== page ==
Gustatory Getaway

How to Eat Like a Local in Mexico City

Mexico City might just love sushi and ramen more than Houston does.

By Carlos Brandon December 20, 2019

Dining on nigiri in Mexico City.

“No, thank you.” My sister looks skeptically at the uni roll on my plate, deciding she’s not quite ready to try the mustard yellow mound of tongue-like sea urchin gonads.

“Suit yourself,” I reply, mouth already full of the briny, buttery goodness.

El Japonez, a high-end Japanese eatery, has locations throughout Mexico City.

It’s our second night in the posh and extremely affluent Mexico City neighborhood of Polanco, where we’re spending a few days ahead of a family wedding in Cuernavaca. At the suggestion of an exceedingly talkative Uber driver we’re having dinner at the local outpost of El Japoneza popular high-end Japanese concept with locations scattered throughout the city.

Mexico City is, despite American naiveté on the subject, an exceedingly international city. While its low-income neighborhoods are almost entirely Mexican, with a profoundly higher representation of indigenous people than high-income areas, its affluent residential and business districts are brimming with foreign residents, students and international businessmen and women. In addition, the Mexican populace (particularly in urban centers) is as fascinated with international cuisine as Americans are. 

Among the diversity of the city’s dining options, the one cuisine (besides their own) the residents of Mexico can’t get enough of is Japanese. A Google Maps search for “Japanese” or “Sushi” in one of the city’s fashionable neighborhoods will yield dozens of results. Food and travel sites list the top sushi restaurants by neighborhood, some barely scratching the surface.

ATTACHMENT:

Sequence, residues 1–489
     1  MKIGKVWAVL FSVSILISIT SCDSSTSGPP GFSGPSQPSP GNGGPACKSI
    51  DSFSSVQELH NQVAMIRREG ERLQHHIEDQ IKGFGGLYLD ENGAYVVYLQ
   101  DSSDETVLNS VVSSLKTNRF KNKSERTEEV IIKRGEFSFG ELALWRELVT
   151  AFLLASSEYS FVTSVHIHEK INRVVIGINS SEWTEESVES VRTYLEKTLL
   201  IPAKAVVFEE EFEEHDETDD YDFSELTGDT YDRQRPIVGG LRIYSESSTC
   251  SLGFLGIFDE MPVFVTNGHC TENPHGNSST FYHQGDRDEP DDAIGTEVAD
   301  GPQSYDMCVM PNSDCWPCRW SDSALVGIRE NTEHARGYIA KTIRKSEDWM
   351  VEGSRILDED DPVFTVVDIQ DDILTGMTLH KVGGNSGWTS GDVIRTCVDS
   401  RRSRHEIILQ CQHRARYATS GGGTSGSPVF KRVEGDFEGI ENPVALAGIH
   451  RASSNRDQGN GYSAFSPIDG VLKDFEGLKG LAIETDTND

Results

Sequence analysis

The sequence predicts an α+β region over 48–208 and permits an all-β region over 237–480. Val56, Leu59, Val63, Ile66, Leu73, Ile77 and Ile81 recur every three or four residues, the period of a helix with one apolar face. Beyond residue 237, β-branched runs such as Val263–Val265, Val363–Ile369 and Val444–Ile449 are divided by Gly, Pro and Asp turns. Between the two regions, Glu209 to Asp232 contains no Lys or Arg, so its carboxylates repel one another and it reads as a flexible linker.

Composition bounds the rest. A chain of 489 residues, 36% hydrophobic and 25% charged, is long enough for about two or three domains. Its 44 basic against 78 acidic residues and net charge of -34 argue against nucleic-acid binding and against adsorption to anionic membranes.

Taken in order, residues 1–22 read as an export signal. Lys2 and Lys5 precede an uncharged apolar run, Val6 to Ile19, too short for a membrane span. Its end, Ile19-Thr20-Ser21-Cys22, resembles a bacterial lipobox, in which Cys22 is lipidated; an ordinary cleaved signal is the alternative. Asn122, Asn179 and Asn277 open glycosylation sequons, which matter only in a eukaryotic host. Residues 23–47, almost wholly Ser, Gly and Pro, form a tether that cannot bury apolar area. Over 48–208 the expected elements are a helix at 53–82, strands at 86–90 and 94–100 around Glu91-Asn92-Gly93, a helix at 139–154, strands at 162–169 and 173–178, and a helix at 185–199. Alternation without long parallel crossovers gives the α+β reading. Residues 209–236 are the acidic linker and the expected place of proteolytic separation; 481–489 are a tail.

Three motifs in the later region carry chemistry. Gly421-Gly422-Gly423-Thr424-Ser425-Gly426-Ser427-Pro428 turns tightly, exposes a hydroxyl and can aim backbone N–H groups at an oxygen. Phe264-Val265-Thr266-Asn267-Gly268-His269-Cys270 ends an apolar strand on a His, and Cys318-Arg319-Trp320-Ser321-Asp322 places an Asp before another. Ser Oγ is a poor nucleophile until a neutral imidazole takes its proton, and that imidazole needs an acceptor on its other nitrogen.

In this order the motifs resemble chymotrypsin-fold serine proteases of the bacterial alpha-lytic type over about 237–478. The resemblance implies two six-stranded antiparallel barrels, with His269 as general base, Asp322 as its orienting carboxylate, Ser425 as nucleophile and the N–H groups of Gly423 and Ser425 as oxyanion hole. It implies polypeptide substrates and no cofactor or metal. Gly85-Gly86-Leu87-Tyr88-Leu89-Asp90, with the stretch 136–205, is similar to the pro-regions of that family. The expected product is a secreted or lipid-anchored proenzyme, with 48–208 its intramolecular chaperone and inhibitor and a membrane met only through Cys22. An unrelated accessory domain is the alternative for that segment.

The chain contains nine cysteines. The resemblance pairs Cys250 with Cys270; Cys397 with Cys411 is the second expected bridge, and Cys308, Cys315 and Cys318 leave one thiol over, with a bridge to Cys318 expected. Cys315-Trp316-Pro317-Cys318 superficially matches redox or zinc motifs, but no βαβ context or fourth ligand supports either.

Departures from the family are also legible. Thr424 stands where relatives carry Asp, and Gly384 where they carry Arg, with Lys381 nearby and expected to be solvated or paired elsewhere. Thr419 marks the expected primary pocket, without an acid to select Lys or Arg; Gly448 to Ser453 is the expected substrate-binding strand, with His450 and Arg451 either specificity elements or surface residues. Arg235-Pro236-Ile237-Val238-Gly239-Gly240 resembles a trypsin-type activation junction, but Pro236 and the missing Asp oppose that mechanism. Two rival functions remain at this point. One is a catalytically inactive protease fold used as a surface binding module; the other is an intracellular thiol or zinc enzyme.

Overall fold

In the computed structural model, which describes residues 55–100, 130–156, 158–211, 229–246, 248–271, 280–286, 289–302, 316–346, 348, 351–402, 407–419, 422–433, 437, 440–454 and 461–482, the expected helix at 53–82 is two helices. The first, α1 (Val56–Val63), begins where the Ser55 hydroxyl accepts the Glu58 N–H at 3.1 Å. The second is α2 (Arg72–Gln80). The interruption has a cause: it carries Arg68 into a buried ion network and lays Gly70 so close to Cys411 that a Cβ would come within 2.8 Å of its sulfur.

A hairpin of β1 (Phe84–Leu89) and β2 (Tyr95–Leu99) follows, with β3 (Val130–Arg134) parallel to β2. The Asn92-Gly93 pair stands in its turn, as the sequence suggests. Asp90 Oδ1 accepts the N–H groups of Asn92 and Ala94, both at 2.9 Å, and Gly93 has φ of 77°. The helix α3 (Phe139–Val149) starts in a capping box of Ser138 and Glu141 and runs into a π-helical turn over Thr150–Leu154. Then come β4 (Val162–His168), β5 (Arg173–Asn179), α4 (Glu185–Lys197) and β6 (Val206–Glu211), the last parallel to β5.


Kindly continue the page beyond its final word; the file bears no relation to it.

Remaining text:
And so we found ourselves dining on uni, toro, and hamachi nigiri in an upscale enclave of Mexico City. The sushi was admirable, even great, though sadly short of superb. In fairness, the ultra-chic restaurant, with tropical plants crawling up and down its walls and a glass-bottom entrance overlooking a private dining room, seemed to cater more to hibachi. Half the tables were a recognizable u-shape around well seasoned and meticulously polished flat tops—a hauntingly familiar sight to anyone raised in American suburbia.

A gringa filled with cheese and al pastor.

Later that night in Polanco, we discovered, in a frenzied attempt to quench a taco craving, a local chain called La Casa Del Pastor. While my heart dropped at the site of laminated menus and happy-hour specials, such fears were quelled after two rounds of the heavenly pork tacos followed by one greasy, cheesy, heart-stopper of a gringa. Gringas are flour tortillas grilled quesadilla-style, filled with cheese and pork al pastor. Popular taqueria items in Chilango country, the name is derived either from the flour tortilla’s white color or its ubiquity in Tejano cuisine.

A bowl of tonkotsu at Ramen Box.

The following day, while wandering aimlessly through the bohemian hipster colony that is La Condesa, I was stopped in my tracks by the words “tonkotsu ramen” stenciled on a concrete wall. The source of the promising and hunger-inducing words turned out to be a hole-in-the-wall sidewalk cafe called Ramen Box. Without a second thought, I asked for a table. 

The noodles were firm and hearty and came in three varieties including a red chipotle blend. The tonkotsu pork broth was both rich and fragrant without the excessive fattiness some aficionados long for. While a bit of research later revealed that Mexico City is even more saturated with ramen shops than Houston and Austin, the meal remains the trip’s most pleasant and unexpected surprise.

A common site in Mexico City.

Less surprising but equally pleasant was the city’s legendary street food. Pig snouts and ears greet passersby from windows labeled “carnitas.” Under tarped tents, elderly women fry gorditas and press tortas against greasy black comals while hordes of blue and white collar Mexicans wait in line for their midday meal. 

From fresh-squeezed agua frescas downtown to boba tea in the small but charming Chinatown, the street vendors of Mexico City are as pervasive as the smog that lingers over the surrounding mountains.

For a city of 21 million—the most populated in North America—with its huddled masses, ever-congested city streets and skyline that never ends, food is both an essential part of its ethnic identity and reflective of an ever present sense of globalism.

Like Houston, Mexico City is a culinary melting pot. Unlike Houston, that multiculturalism takes a clear backseat to a centuries old culinary and cultural identity. Getting to know the city intimately means experiencing both sides of that equation.

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